Yes, all wars are fought over money. A recent work by York University historian Mark Egnal, "Clash of Extremes" performs a detailed and painstaking analysis of the events leading up to it, and empirically validates Mitchell's thesis as to the reasons we had a Civil War. It was all about money, or, more accurately, wealth, and how it is produced. The War was an epic struggle between the ancient feudal agrarian economic system, and the burgeoning free market capitalism made possible by the scientific-technological-industrial revolution which flowed from the ideas of the Enlightenment. In the large picture, in a process which is still going on, the War was a step in the dismantling of the ancient and medieval idea of the Great Chain of Being, which held that everyone was born into an immutable class: the king and his nobles at the top, and serfs and slaves at the bottom. This process was the long, and often rough and painful, transition from caste defined by the accident of birth to the concept that "all men are created equal."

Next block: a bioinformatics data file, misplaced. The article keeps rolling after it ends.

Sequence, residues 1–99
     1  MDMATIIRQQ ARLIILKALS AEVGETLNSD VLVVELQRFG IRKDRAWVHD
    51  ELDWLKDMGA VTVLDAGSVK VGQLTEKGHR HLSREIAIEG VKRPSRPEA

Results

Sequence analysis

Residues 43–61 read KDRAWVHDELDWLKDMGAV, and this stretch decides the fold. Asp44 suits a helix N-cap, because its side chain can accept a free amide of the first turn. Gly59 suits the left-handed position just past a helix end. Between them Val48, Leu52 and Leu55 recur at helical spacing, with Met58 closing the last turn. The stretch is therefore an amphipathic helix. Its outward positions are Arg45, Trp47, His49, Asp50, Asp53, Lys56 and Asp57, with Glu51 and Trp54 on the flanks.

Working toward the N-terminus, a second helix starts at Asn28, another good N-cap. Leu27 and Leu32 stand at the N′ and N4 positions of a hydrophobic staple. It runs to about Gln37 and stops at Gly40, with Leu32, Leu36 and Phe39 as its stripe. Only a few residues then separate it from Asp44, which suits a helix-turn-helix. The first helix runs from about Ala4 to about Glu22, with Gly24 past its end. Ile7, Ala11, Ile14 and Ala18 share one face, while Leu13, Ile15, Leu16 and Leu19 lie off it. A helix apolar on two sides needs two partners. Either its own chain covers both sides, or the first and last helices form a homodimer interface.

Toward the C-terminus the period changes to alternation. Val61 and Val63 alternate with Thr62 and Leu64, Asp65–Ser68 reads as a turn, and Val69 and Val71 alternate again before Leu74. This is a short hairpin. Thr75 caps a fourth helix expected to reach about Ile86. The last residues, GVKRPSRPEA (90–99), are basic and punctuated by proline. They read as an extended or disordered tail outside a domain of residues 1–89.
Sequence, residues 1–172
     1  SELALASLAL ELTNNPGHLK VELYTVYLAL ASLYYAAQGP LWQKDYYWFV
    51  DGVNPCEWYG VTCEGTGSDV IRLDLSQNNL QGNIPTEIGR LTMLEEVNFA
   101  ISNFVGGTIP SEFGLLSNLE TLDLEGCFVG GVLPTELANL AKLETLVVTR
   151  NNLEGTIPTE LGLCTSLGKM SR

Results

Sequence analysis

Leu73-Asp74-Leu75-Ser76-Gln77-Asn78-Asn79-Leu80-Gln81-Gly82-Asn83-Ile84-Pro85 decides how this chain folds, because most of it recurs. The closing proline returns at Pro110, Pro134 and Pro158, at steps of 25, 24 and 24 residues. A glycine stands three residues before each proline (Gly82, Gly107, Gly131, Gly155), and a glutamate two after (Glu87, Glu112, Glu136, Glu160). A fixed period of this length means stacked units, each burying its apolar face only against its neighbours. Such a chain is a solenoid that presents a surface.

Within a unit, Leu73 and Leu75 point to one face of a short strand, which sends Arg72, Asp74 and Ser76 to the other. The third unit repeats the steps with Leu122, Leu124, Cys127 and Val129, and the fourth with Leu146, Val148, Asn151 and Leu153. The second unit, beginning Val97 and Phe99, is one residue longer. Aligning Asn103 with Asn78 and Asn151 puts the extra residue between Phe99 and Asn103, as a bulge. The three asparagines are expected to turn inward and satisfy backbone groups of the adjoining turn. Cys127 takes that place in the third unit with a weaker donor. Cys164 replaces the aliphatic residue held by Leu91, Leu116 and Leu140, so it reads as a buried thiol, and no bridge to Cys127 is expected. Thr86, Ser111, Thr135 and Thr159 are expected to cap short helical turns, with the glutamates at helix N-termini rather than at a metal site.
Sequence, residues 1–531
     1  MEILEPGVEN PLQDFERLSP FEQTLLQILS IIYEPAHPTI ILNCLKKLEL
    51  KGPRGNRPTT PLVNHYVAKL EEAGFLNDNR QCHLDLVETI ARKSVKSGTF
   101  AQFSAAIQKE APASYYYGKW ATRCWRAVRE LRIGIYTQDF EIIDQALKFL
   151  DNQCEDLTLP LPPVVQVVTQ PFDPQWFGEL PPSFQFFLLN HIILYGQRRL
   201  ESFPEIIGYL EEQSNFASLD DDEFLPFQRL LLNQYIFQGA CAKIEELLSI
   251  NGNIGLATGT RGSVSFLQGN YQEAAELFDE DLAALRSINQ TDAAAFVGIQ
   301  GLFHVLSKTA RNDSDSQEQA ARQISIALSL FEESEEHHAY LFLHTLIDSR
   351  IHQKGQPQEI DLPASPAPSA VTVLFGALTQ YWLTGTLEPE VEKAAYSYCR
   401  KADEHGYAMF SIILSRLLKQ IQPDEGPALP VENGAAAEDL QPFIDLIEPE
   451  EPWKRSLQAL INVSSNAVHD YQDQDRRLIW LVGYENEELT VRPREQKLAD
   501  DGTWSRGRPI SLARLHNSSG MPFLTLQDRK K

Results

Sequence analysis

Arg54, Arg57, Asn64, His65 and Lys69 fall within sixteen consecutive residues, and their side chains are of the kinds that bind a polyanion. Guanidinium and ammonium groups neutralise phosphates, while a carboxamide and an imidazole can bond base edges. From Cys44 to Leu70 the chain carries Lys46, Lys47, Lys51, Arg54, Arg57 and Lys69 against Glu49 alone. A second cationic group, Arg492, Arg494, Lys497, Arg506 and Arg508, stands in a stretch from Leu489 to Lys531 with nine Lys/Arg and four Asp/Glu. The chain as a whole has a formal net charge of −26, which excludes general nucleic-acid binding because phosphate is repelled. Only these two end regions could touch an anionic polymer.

We should reject the notion that any one of us today should have shame for slavery as it existed in the 19th Century and before. Why? For the same reason we should not feel shame (or necessarily take pride) in something we have had nothing to do with. There is no one alive on this Earth who does not have ancestors who were oppressed - or oppressors. By today's moral standards, human bondage is morally wrong. That is a standard which has only gained acceptance in the past 200 years or so. Compare that it was once considered moral and even laudable to burn suspected witches alive, and inflict fiendish punishments on others who thought differently. For millennia, slavery was acceptable as part of an economic system that had been universally approved, and only became morally suspect with the liberation of the human mind by the Reformation, Age of Reason, and Enlightenment. Its entrenchment in the United States - which occurred prior to the time the last witches were hanged in Massachusetts - was not limited to the Southern states, although it persisted there because of the plantation economy. In fact, it was the welfare system of many bodies politic. It took care of the least functional members of the populace in return for menial labor. It still exists today in some backwater countries.